Yungas, tropical river valleys of Bolivia that spread northeast to southeast beyond the temperate valleys of the eastern Andean slopes. Here, Amazon winds maintained the humidity necessary for the cultivation of crops not available in the highlands. The pre-Inca Aymara empire sustained its highland centers by sending Mitmaes (colonists) down to the yungas to cultivate fruits, maize, and, for highland elite consumption, the stimulant coca. In return, the highlands sent items not produced in the tropical zones, such as meat, potatoes, quinoa, and wool, thus fulfilling their obligations in this Andean system of reciprocity.
With the Spanish conquest and subsequent discovery of silver, coca use changed dramatically and was no longer confined to the native elite. Coca consumption now enabled Andeans to endure harsh mining activities for protracted periods of time. Production in Cuzco could not meet the increased demand, and the yungas of La Paz became a major coca zone. Not only did Aymara agricultural migrants continue to replace the nomadic peoples of the region, merchants imported African slaves, who by the early nineteenth century had become a viable Aymara-speaking subgroup in this region. La Paz and its neighboring yungas now thrived while other regions experienced economic decline.
Other less accessible yungas existed in the provinces of Cochabamba and Santa Cruz. The Chaparé region, northeast of Cochabamba, formerly controlled by the Yuracarés, today produces prodigious amounts of coca. In the colonial period, La Paz merchants intervened and prevented Chaparé competition. The yungas of Pocona, which was first settled in 1538 and incorporated into the jurisdiction of Mizque before the end of the century, were mass-producing coca by 1557.
Even today, the fertile yungas and Oriente regions remain largely underdeveloped despite their year-round growing season. Poor infrastructure, disease (human and plant), pests, floods, and soil erosion discourage serious agricultural activity.
Josep M. Barnadas, Charcas: Orígenes históricos de una sociedad colonial (1973), pp. 35, 427.
Alberto Crespo R., Esclavos negros en Bolivia (1977), pp. 143-146.
Herbert S. Klein, Bolivia: The Evolution of a Multi-Ethnic Society (1982).
Morris D. Whitaker and E. Boyd Wennergren, "Bolivia's Agriculture Since 1960: An Assessment and Prognosis," in Modern-Day Bolivia: Legacy of a Revolution and Prospects for the Future, edited by Jerry R. Ladman (1982), pp. 238-239.
Brooke Larson, Colonialism and Agrarian Transformation in Bolivia: Cochabamba, 1550–1900 (1988), p. 47.
Lagos, Maria L. Autonomy and Power: The Dynamics of Class and Culture in Rural Bolivia. Philadelphia: University of Pennsylvania Press, 1994.
Klein, Herbert S. Haciendas and Ayllus: Rural Society in the Bolivian Andes in the Eighteenth and Nineteenth Centuries. Stanford, CA: Stanford University Press, 1993.
Léons, Madeline Barbara and Harry Sanabria. Coca, Cocaine, and the Bolivian Reality. Albany: State University of New York Press, 1997.
Meruvia Balderrama, Fanor. Historia de la coca: los Yungas de Pocona y Totora (1550–1900). La Paz: Plural Editores: CERES, 2000.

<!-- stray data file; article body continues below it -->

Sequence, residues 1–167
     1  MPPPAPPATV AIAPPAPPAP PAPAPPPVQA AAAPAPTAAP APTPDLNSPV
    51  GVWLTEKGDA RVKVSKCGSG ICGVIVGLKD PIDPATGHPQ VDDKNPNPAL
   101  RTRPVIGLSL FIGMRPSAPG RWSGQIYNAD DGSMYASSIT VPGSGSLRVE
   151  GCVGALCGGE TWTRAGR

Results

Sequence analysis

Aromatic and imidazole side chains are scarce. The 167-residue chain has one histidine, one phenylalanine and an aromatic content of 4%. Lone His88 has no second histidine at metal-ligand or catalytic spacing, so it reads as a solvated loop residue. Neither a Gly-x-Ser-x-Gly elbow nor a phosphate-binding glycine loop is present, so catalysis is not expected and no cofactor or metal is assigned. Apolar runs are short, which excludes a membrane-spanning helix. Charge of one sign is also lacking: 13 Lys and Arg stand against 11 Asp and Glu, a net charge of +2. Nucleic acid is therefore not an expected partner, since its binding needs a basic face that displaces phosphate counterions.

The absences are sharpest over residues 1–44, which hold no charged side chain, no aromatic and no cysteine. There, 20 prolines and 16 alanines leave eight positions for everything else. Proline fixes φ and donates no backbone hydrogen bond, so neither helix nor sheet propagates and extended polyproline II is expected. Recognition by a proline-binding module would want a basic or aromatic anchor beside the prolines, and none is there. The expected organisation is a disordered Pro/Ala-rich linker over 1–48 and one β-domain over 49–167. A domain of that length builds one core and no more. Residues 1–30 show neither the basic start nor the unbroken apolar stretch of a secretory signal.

Spedding, Alison. Kawsachun coca: economía campesina cocalera en los Yungas y el Chapare. La Paz: PIEB, Programa de Investigación Estratégica en Bolivia, 2004.
Lolita GutiÉrrez Brockington
"Yungas." Encyclopedia of Latin American History and Culture. . Encyclopedia.com. (January 18, 2019). https://www.encyclopedia.com/humanities/encyclopedias-almanacs-transcripts-and-maps/yungas
"Yungas." Encyclopedia of Latin American History and Culture. . Retrieved January 18, 2019 from Encyclopedia.com: https://www.encyclopedia.com/humanities/encyclopedias-almanacs-transcripts-and-maps/yungas
Encyclopedia.com gives you the ability to cite reference entries and articles according to common styles from the Modern Language Association (MLA), The Chicago Manual of Style, and the American Psychological Association (APA).
Within the “Cite this article” tool, pick a style to see how all available information looks when formatted according to that style. Then, copy and paste the text into your bibliography or works cited list.
Because each style has its own formatting nuances that evolve over time and not all information is available for every reference entry or article, Encyclopedia.com cannot guarantee each citation it generates. Therefore, it’s best to use Encyclopedia.com citations as a starting point before checking the style against your school or publication’s requirements and the most-recent information available at these sites:
Modern Language Association
The Chicago Manual of Style
American Psychological Association
- Most online reference entries and articles do not have page numbers. Therefore, that information is unavailable for most Encyclopedia.com content. However, the date of retrieval is often important. Refer to each style’s convention regarding the best way to format page numbers and retrieval dates.
- In addition to the MLA, Chicago, and APA styles, your school, university, publication, or institution may have its own requirements for citations. Therefore, be sure to refer to those guidelines when editing your bibliography or works cited list.